A Liquidated Damages Provision Providing Inadequate Damages Isn't A "Penalty"

It's black letter law in North Carolina that a liquidated damages provision is enforceable, so long as it is not a "penalty."  The need to make that distinction typically comes up when the Defendant believes the liquidated amount is excessive when compared to the actual damages incurred by the Plaintiff.

In Azalea Garden Board & Care, Inc. v. Vanhoy2000 NCBC 8 (N.C. Super. Ct. March 17, 2009), the Business Court confronted the exact opposite of the usual penalty argument.  The Plaintiff asserted that a provision in the contract severely limiting its recovery was a penalty because it would only allow damages it described as being "woefully inadequate." 

The provision at issue, contained in a $3.6 million contract to buy a nursing facility, said that "Buyer agrees that if he should fail or refuse to complete this transaction after timely acceptance by the seller, then any funds or deposit with the Broker will be forfeited and shall be split 50% to the broker and 50% to the seller." That provision yielded damages to the Plaintiff of only $12,500.

The Court determined this was a liquidated damages provision as a matter of law, and that it did not constitute a penalty. The Court held "Plaintiff's argument that the liquidated damages provision is unreasonable because it is too small in light of the damages actually suffered is not persuasive."  Op. Par. 30.  The Opinion referenced cases from other jurisdictions reaching the same result in a situation the Court described as "rare."

The other issue resolved in the Opinion was whether Tuttle could be liable for a breach of the agreement to purchase the nursing facility even though he had not signed it.  Tuttle asserted the Statute of Frauds.  The Plaintiff responded that the Tuttle was part of a joint venture, that the contract had been signed by an authorized agent of the joint venture, and that it was therefore binding on Tuttle.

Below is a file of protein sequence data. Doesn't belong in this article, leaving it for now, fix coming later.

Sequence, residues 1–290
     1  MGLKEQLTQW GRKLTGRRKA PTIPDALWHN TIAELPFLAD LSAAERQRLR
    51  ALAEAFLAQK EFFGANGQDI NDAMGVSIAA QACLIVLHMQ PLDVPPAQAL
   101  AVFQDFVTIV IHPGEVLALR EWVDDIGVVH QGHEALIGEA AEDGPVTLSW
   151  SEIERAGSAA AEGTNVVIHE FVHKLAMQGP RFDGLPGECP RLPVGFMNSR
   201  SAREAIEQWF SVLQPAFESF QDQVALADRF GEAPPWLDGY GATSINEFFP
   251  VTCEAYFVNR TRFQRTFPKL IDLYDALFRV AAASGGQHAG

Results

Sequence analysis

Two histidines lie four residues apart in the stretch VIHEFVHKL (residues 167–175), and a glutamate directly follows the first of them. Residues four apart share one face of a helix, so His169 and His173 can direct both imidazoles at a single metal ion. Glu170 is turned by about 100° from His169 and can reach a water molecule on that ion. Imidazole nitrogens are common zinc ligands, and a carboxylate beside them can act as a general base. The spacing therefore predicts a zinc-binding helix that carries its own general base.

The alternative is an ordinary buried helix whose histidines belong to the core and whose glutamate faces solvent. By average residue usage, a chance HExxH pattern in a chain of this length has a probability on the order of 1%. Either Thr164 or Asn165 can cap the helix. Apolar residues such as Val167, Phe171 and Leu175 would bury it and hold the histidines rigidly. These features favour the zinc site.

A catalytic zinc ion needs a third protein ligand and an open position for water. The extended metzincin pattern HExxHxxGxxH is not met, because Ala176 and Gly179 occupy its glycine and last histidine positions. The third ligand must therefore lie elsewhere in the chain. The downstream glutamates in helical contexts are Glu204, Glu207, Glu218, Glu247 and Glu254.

Here's how Judge Tennille articulated the standard for determining whether a joint venture exists:

{14}  A joint venture is “an association of persons with intent, by way of contract, express or implied, to engage in and carry out a single business adventure for joint profit, for which purpose they combine their efforts, property, money, skill, and knowledge, but without creating a partnership in the legal or technical sense of the term.” Pike, 274 N.C. at 8, 161 S.E.2d at 460 (citing In re Simpson, 222 F. Supp. 904, 909 (M.D.N.C. 1963)). An express agreement is not required to prove the existence of a joint venture. See Rhue v. Rhue ___ N.C. App. ___, ___, 658 S.E.2d 52, 59 (2008); see also Wike v. Wike, 115 N.C. App. 139, 141, 445 S.E.2d 406, 407 (1994). Rather, intent to create a joint venture can be inferred by the conduct of the parties and the surrounding circumstances. See Rhue, ___ N.C. App. at ___, 658 S.E.2d at 59; see also Wike, 115 N.C. App. at 141, 445 S.E.2d at 407. The existence of a joint venture “may be based upon a rational consideration of the acts and declarations of the parties, warranting the inference that the parties understood that they were [co-adventurers] and acted as such.” Davis v. Davis, 58 N.C.App. 25, 30, 293 S.E.2d 268, 271 (1982) (citing Eggleston v. Eggleston, 228 N.C. 668, 674, 47 S.E. 2d 243, 247 (1948)). “Facts showing the joining of funds, property, or labor, in a common purpose . . . in which each has a right . . . to direct the conduct of the other[s] through a necessary fiduciary relation[ship]” is sufficient for finding the existence of a joint venture. Pike, 274 N.C. at 8, 161 S.E.2d at 460; Cheape v. Chapel Hill, 320 N.C. 549, 561, 359 S.E.2d 792, 799 (1987).

{15} In North Carolina, joint ventures are similar to partnerships, and they are “governed by substantially the same rules.” Jones v. Shoji, 336 N.C. 581, 585, 444 S.E.2d 203, 205 (1994). A hallmark of a partnership is the sharing of “any profits, income, expenses, joint business property or hav[ing] authority of any kind over each other.” Wilder v. Hobson, 101 N.C. App. 199, 203, 398 S.E.2d 625, 628 (1990).

The Court found a question of fact on whether Tuttle had been part of a joint venture and denied the Motion for Summary Judgment.  But in another opinion issued at the same time in the same case, the Court granted the motion for summary judgment of another Defendant (Allen) on the same grounds, finding that there was no genuine material issue of fact as to Allen's lack of association with the claimed joint venture.  That opinion is Azalea Garden Board & Care v. Vanhoy, 2008 NCBC 7 (N.C. Super. Ct. March 17, 2009).